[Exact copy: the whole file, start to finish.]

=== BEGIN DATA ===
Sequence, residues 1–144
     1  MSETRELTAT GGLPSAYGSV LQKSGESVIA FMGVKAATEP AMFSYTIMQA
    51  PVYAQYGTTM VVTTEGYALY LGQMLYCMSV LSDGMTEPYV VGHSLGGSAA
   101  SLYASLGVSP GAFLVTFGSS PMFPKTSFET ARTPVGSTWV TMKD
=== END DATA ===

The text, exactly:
Sequence, residues 1–144
     1  MSETRELTAT GGLPSAYGSV LQKSGESVIA FMGVKAATEP AMFSYTIMQA
    51  PVYAQYGTTM VVTTEGYALY LGQMLYCMSV LSDGMTEPYV VGHSLGGSAA
   101  SLYASLGVSP GAFLVTFGSS PMFPKTSFET ARTPVGSTWV TMKD